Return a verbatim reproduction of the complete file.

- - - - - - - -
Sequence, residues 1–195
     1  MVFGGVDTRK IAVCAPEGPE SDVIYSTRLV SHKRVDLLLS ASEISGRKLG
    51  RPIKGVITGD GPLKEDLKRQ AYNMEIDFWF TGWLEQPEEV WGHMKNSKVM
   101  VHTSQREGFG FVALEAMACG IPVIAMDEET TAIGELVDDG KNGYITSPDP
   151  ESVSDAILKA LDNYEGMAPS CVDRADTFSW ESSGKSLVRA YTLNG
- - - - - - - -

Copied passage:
Sequence, residues 1–195
     1  MVFGGVDTRK IAVCAPEGPE SDVIYSTRLV SHKRVDLLLS ASEISGRKLG
    51  RPIKGVITGD GPLKEDLKRQ AYNMEIDFWF TGWLEQPEEV WGHMKNSKVM
   101  VHTSQREGFG FVALEAMACG IPVIAMDEET TAIGELVDDG KNGYITSPDP
   151  ESVSDAILKA LDNYEGMAPS CVDRADTFSW ESSGKSLVRA YTLNG